“Gather thoughts, memories and stories from others in your loved one’s circle that may be represented in the eulogy as well,” Bauer advised.
“Remembering small details about a person’s life ― even if they seem mundane or inconsequential ― are key to helping you paint a large and vivid portrait of who they were.”
– Alexandra Levine, speech ghostwriter at The Toastess
Use questions as a guide.
If you’re still having trouble coming up with the words to fill your eulogy, approach it as a series of answers to prompts.
“Here are some questions to ask yourself,” said Darcey Peterson, a professional speechwriter at Lasting Eulogies. “What three words most define your loved one? What made your loved one special? What’s your favourite story to share about them? What was their favourite story to share? What made them happy? What were they passionate about? What important lessons did you learn from them?”
Put yourself in the deceased person’s shoes and imagine what they might have wanted their eulogy to express. Also ask yourself who the audience for this eulogy will be.
“Consider who your loved one was in life, and consider the circle of people who will be there honouring that life,” Bauer said. “If the person was fun-loving and a partyer, and someone who never played by the rules, you are free to have a little more fun with your wording. If the person was older, more conservative or religious, consider your audience and what they are expecting to hear.”
As you answer these questions, look for themes that might help inform the format of the eulogy. You can craft a general outline and sprinkle memories and anecdotes throughout the middle before turning it into a rough draft. Write an opening in which you introduce yourself and your relationship to the deceased, and offer some concluding thoughts at the end. Once you feel good about your draft, ask someone else to review it.
Remember that a eulogy is different from an obituary.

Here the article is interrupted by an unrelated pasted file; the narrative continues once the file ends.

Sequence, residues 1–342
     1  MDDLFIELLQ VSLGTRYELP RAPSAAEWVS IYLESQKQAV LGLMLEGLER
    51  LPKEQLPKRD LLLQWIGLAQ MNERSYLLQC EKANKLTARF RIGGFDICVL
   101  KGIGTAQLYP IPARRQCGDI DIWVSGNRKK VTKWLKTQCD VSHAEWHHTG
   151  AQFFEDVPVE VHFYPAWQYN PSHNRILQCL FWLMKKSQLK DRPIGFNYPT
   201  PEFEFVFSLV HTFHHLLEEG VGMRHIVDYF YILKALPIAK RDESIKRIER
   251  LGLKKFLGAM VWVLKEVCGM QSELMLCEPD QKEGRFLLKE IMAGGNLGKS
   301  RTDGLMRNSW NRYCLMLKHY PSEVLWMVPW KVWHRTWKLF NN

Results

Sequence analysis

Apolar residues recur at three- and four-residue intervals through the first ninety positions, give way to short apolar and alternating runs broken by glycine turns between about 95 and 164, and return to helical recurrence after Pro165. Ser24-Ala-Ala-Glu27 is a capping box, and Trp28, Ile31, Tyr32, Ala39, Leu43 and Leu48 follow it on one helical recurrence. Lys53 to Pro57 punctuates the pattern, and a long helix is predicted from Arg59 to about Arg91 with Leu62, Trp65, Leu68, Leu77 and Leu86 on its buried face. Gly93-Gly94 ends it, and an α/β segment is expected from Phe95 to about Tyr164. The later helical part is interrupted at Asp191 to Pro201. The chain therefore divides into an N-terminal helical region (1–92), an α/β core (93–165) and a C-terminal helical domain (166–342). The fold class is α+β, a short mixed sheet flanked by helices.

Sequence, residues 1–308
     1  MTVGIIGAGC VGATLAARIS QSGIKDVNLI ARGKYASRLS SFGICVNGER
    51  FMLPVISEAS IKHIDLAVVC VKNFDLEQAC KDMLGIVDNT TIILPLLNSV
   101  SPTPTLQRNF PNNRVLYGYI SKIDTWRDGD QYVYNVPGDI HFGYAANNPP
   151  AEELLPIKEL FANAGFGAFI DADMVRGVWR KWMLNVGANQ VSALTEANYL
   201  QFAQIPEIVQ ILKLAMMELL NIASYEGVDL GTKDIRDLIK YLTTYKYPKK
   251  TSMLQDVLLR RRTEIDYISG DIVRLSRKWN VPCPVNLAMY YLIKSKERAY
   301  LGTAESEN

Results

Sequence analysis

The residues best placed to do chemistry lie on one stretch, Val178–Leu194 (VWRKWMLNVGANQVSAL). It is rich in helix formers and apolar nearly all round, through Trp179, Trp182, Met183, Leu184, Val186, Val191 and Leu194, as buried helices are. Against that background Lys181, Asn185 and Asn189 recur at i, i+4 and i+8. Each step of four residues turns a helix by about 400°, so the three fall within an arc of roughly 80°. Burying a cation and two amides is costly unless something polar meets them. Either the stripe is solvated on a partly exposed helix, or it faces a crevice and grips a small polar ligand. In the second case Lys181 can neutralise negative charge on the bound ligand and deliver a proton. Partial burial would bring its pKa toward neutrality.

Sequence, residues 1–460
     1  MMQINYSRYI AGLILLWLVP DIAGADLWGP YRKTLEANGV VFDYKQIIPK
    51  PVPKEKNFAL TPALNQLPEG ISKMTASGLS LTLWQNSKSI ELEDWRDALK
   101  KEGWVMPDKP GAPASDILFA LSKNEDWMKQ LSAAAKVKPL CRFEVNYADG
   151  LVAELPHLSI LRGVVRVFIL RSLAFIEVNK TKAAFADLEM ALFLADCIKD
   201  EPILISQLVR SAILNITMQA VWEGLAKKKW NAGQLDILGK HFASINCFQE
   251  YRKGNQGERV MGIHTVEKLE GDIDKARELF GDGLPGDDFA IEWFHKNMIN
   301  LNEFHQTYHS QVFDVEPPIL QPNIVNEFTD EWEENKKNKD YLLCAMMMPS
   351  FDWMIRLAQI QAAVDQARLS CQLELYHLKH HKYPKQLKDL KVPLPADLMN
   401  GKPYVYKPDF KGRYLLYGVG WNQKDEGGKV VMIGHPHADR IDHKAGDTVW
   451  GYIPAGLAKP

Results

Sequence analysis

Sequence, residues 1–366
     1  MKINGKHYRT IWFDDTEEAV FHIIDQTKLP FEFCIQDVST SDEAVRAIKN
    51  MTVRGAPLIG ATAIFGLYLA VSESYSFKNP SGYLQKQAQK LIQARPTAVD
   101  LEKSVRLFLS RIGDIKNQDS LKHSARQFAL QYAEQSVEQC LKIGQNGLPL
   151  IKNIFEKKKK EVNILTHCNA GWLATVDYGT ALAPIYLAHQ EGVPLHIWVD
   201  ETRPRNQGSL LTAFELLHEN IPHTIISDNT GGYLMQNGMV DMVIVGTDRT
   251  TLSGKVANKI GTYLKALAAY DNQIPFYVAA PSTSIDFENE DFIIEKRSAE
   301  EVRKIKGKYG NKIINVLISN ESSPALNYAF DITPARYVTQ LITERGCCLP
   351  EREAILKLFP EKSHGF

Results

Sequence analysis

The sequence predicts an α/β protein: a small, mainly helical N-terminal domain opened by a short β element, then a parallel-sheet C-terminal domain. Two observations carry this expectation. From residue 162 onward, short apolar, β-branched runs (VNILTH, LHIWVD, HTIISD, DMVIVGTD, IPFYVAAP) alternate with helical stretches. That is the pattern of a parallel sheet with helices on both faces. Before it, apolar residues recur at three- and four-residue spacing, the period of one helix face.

“A eulogy is not a recitation of life accomplishments ― that is an obituary,” said Thomas P. Farley, an etiquette expert who goes by Mister Manners.
“It is a way of bringing the deceased’s legacy to life. Share stories that are delightful, inspiring, funny, impressive, touching. By providing insights that are not commonly known, you will be doing your part to create a complete picture of a life well led. You are also helping establish the legacy of a person whom younger generations may not have known as well, if at all.”
Instead of listing the events of the person’s life, focus on the relationships they had and the way they made others feel. After all, there will be a lot of emotions in the room.
“At a funeral, and particularly at the burial, the goal is for closure,” Leikin said. “It’s also for gathering the rest of our families and friends together to bond together, so the loss doesn’t feel so devastating. We’re still here. We’re here for each other. Hug, cry, reconnect. Stay connected.”
You don’t have to pretend your loved one was perfect, but do your best to keep the tone positive yet personal.
“Try not to give a eulogy filled with just platitudes and adjectives,” Peterson said. “Tell your funny story. Tell your bittersweet story. The stories you share that demonstrate a quality are so much more powerful than just a list of qualities and accomplishments.”
For example, she recommended turning a sentence like “Aunt Jane was kind and she loved animals” into a specific memory.
“Consider instead: ‘I still remember summer vacations and overnights with Aunt Jane. I always loved helping her with her evening ritual of feeding the dogs and the birds, and even the stray neighbourhood cats ― all before we even sat down for our own dinner!’” Peterson said.
Resist the urge to make it about you.
“It’s imperative to remember that the person you’re eulogising ― not you ― is the protagonist of the story,” said Victoria Wellman, the founder of The Oratory Laboratory and author of the book “Before You Say Anything.”
“A lot of people can’t see beyond themselves when they’re speaking about someone they love ― it’s a frustrating irony. There is a fine but indelible line between talking about your experiences with someone and talking from your experience of them. The former should always serve a larger narrative than simply providing an opportunity to wax poetic about an experience no one else in the room can relate to.”
She recommended focusing on the specific things about the deceased that you will miss, rather than the fact that you will miss them. You’re the narrator of the story, not the co-star.